GFPD conducting “high visibility enforcement” on 10th Avenue South

Drive much on 10th Avenue South in Great Falls?

Whenever you do, it will behoove you to pay extra attention to your driving for the foreseeable future.

A new team of officers are paying particular attention to 10th Avenue South in an effort to decrease traffic incidents and injury crashes. The officers will be in marked and unmarked cars, “so you never know really,” and conducting “high visibility enforcement,” according to Capt. Rob Moccasin of the Great Falls Police Department.

They are the new Directed Enforcement Team, or DET, comprised of MPOs Green and Scheer and SPOs Draper and McAdam, and are led by Sgt. Munkres. The team falls under Moccasin’s leadership as the patrol division commander.

DET officers, and other officers, will be looking for distracted driving, unsafe lane changes, red light violations, illegal turns, right of way violations, speeding, and cell phone use while driving.

The goal is to reduce the amount of time officer spend answering traffic and accident calls on 10th, freeing them up to do more proactive and preventative policing, Moccasin said.

The department has compiled and analyzed data from the last three years and worked with the city’s mapping specialist to develop what they call a “heat map” that shows hotspots and problem areas.

Downtown was the largest hotspot and the department implemented the Data Driven Approach to Crime and Traffic Safety (DDACTS) Zone, which Moccasin said has lowered crime but crashes in the zone haven’t decreased significantly. The end of May marked a full calendar year of the program and the department is now analyzing that data to determine if their efforts are effective or if anything needs to be changed.

The DET will work with the GFPD’s Business Residential Involving Community, BRIC, Officer Adam Hunt within the DDACTS zone as well.

After downtown, 10th Avenue South was the next major hotspot. Last summer, there were 128 reported crashes on 10th Avenue South.

DET gives the department options when they see a spoke in certain type of crime, or certain areas, to have a team available to focus on it, Moccasin said.

When he took over patrol in 2015, he and other department officials knew they wanted to do something with the swing shift, they just weren’t sure what and through that thought process, they developed the DET.

The team will be data driven, as are many of their efforts and though they’re starting with a focus on 10th Avenue South, it doesn’t mean crashes and crime aren’t happening elsewhere, they just aren’t happening at such high rates, Moccasin said.

Moccasin said that while officers have discretion, there won’t be a lot of warnings for violations on 10th Avenue, and there will be as close to possible as zero tolerance on cell phone violations.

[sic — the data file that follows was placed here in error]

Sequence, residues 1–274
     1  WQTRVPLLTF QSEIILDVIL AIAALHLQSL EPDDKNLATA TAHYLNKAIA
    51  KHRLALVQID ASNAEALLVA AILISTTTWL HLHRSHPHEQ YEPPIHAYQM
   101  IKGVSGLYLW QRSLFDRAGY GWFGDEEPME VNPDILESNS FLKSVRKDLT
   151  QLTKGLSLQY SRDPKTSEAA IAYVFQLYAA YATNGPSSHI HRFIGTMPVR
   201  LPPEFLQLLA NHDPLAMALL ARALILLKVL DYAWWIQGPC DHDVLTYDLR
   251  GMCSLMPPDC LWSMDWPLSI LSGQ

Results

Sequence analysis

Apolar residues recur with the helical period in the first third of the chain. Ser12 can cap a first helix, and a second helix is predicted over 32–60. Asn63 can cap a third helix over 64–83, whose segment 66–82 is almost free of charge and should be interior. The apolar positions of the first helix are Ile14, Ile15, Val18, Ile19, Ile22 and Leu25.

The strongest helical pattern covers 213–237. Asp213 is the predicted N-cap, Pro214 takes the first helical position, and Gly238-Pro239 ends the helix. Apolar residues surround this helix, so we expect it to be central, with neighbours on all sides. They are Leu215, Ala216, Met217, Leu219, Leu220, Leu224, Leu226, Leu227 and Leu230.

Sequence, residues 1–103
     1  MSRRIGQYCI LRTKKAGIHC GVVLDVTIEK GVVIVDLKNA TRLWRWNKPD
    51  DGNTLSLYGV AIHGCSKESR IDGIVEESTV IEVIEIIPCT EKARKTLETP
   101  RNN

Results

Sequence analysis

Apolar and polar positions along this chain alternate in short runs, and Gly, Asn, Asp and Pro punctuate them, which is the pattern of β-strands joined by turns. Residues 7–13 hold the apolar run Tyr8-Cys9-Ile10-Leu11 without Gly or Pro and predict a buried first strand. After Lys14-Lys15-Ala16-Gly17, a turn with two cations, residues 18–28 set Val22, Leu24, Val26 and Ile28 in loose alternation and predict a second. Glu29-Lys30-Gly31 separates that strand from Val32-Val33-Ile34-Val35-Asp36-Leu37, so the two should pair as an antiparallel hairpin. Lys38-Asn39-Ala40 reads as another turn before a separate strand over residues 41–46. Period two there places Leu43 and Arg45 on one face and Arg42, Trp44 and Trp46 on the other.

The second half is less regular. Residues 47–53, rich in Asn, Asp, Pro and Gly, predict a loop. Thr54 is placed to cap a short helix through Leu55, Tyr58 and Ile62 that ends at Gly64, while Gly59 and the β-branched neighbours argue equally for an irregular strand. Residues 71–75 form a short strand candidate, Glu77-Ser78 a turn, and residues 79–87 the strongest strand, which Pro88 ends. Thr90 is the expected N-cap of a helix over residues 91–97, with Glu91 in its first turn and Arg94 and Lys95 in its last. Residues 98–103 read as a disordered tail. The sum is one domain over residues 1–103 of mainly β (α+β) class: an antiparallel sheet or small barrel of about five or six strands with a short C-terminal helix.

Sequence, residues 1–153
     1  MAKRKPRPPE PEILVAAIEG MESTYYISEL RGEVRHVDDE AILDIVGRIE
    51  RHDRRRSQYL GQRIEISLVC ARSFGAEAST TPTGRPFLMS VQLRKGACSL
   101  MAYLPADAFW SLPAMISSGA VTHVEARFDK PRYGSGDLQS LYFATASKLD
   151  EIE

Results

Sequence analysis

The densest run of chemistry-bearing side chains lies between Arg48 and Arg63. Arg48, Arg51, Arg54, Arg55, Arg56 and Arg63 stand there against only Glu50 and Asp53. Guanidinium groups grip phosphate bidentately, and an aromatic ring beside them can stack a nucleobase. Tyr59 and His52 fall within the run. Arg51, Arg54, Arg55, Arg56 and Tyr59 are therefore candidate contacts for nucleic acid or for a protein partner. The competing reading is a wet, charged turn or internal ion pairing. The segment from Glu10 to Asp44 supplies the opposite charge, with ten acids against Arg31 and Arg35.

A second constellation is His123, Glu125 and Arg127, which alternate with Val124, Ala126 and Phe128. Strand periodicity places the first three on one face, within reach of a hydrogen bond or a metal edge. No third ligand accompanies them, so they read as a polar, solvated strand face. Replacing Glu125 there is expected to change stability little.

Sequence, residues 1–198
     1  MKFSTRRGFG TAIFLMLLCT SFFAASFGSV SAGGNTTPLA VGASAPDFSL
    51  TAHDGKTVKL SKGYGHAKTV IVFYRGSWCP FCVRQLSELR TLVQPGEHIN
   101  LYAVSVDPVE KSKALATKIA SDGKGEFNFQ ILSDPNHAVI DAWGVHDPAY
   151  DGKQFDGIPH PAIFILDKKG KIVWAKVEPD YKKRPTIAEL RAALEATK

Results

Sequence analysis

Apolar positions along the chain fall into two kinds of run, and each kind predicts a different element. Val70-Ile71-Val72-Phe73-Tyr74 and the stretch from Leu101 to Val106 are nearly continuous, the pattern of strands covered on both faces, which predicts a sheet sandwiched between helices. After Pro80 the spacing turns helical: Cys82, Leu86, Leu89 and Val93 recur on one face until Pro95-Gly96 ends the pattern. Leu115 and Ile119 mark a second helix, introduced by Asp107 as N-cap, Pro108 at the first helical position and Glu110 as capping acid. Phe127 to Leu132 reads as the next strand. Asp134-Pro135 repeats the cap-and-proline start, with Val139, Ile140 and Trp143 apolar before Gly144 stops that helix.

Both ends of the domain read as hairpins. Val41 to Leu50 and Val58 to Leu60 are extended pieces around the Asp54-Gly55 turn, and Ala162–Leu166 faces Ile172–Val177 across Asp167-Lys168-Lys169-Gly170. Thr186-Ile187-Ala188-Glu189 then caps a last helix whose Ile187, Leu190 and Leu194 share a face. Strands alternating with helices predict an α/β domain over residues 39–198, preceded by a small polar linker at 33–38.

Many times, officers can’t definitively prove a driver was using the phone, but “we know it’s a contributing factor,” Moccasin said.

The program is not a revenue driver, Moccasin said, but an effort to reduce accidents on 10th Avenue South.

“We know from experiences, the only way to reduce injury accidents is enforcement,” he said. “We’d prefer to have voluntary compliance, but clearly that’s not working.”

Moccasin acknowledged that everyone gets impatient while driving sometimes, but have to pay attention to reduce accidents.

“It all gets better,” he said, if they can reduce accidents since insurance rates can go down, lost wages, injuries and healthcare costs are all impacted by injury accidents.

Moccasin said crashes cost the community more than crime, in terms of dollars, but crime often takes a more emotional toll on those involved.

DET officers will be focused on 10th Avenue South, or other specific needs of the department, during their 10-hour shift, which can relieve some of the load for patrol officers. Moccasin said it’s hard for regular patrol officers to make traffic stops since they’re so busy answering calls and they usually only have six minutes per hour of free time, making preventative work also challenging.

DET is an annual assignment for the patrol division, so the officers on the team could change after the first year and it creates some movement within the division.

Moccasin said they’ll continue to collect data and evaluate how effective the DET is over time. If it’s not working, they’ll stop and try something else.

“We’re not afraid of that,” Moccasin said.

Though the DET is focusing on 10th Avenue South and there is a focus on the DDACTS zone, officers are still patrolling the entire city, Moccasin said.

All patrol officers are aware of the violations the DET is looking for on 10th, as is the Montana Highway Patrol and Cascade County Sheriff’s Office, Moccasin said. Officers from other agencies can make a traffic stop and call GFPD to the scene to issue the citation.

GFPD is also working with the Montana Department of Transportation to address any road design, light timing, or other traffic flow issues they identify while conducting their high visibility enforcement on 10th Avenue South. Moccasin said the local MDT office has been helpful in sending staff to the scene of major accidents and helping redirect traffic and notifying commercial carriers if there’s a prolonged road closure on routes like 10th.

Overall, GFPD wants people to drive defensively, follow the rules and stay off their phones while driving.

“Tenth will be a better place,” Moccasin said.